The South Coast Air Quality Management District improperly permitted an oil refinery to implement a new industrial process without an environmental review even though the project might have caused substantially more air pollution, the California Supreme Court unanimously decided Monday.
The state high court faulted the air quality district for determining that the project by ConocoPhillips Co. in Wilmington would not significantly hurt the environment. The court said the air district applied the wrong base rate when calculating the effect of the emissions.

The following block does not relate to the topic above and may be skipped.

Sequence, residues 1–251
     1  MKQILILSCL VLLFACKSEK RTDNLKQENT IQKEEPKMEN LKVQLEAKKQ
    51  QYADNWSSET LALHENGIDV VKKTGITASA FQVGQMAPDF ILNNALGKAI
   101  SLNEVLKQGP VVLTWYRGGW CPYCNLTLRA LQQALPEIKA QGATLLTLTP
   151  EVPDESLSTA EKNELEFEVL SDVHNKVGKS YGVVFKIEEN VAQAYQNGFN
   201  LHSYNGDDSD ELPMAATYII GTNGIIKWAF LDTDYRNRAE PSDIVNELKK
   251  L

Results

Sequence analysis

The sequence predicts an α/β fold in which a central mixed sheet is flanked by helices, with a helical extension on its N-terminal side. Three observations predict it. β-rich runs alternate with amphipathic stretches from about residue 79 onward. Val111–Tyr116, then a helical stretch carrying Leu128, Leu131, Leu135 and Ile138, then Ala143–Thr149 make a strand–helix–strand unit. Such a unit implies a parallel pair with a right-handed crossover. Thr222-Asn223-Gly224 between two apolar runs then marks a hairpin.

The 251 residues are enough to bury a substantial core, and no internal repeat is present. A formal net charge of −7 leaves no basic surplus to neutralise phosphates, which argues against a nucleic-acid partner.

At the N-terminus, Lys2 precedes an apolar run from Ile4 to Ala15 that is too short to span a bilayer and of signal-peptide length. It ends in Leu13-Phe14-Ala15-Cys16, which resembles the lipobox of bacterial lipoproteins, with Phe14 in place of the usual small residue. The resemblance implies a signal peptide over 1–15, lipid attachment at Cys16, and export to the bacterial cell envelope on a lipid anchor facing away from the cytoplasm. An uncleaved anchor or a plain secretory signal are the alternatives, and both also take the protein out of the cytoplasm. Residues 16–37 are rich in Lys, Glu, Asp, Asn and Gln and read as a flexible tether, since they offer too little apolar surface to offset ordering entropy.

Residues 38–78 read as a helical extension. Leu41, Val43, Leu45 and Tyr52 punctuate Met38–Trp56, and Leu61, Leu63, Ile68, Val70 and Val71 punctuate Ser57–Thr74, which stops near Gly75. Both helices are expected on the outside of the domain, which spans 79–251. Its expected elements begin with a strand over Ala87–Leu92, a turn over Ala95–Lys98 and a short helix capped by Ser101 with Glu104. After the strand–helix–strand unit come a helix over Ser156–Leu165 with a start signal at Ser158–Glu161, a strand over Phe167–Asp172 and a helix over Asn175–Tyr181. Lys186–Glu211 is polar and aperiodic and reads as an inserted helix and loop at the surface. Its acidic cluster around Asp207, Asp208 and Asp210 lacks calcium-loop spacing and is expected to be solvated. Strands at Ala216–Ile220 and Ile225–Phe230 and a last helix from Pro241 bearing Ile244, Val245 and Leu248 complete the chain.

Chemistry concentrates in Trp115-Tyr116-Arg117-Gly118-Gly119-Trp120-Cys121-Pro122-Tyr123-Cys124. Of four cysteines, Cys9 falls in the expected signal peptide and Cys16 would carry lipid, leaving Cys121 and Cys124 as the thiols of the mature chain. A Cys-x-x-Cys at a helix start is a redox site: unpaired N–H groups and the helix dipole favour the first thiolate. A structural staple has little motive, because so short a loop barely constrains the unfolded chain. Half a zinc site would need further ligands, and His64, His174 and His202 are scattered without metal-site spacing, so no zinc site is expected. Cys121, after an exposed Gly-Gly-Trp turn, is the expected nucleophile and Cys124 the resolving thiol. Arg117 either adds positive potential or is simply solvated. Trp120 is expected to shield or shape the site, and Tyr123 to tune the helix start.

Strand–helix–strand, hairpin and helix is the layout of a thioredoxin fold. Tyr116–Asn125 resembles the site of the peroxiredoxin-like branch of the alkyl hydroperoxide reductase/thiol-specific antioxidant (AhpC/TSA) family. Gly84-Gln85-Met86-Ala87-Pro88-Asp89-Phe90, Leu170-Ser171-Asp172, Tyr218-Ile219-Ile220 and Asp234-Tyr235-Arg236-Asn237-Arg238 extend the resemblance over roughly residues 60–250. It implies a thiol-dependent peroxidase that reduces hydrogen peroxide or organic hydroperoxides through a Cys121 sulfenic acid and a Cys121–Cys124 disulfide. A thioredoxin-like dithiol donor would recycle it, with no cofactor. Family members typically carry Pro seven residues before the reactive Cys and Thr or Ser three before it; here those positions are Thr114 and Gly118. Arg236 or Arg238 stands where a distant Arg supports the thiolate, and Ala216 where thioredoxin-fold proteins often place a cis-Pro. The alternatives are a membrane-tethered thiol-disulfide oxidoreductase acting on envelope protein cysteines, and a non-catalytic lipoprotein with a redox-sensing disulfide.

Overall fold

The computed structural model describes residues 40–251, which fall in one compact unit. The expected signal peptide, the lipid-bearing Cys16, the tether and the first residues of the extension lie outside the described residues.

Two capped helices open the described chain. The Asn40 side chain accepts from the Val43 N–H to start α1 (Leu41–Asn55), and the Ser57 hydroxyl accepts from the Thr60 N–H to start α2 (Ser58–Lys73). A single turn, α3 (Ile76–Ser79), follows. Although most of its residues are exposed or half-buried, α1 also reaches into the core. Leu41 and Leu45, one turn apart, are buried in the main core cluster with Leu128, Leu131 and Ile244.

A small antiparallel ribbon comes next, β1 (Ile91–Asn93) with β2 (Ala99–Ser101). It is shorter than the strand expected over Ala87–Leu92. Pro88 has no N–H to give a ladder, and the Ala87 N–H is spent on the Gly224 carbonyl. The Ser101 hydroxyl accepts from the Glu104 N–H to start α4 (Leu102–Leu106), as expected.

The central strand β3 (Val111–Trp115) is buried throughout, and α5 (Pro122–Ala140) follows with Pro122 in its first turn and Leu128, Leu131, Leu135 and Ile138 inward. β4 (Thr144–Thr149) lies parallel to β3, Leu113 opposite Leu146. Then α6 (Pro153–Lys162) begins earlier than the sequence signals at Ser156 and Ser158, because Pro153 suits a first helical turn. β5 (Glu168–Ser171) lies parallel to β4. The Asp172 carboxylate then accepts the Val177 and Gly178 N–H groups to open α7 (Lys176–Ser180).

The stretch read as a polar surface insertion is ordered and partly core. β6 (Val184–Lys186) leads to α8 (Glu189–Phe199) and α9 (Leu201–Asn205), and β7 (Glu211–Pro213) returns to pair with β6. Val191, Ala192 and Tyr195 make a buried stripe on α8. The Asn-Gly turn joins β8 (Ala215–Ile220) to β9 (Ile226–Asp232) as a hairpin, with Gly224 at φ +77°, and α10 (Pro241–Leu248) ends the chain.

The project by ConocoPhillips was designed to meet federal and state environmental requirements for production of an ultra-low-sulfur diesel fuel.
But environmental activists said the industrial process the company used to produce the new diesel increased nitrogen oxide emissions by several hundred pounds a day. Nitrogen oxide is a major contributor to smog and causes asthma and other respiratory ailments.
The refinery, which produces various fuels and chemical products, covers about 400 acres near commercial, recreational and residential neighborhoods.
A group called Communities for a Better Environment, labor organizations and individuals who live or work near the ConocoPhillips refinery sued the air district on the grounds the permit had been wrongly granted.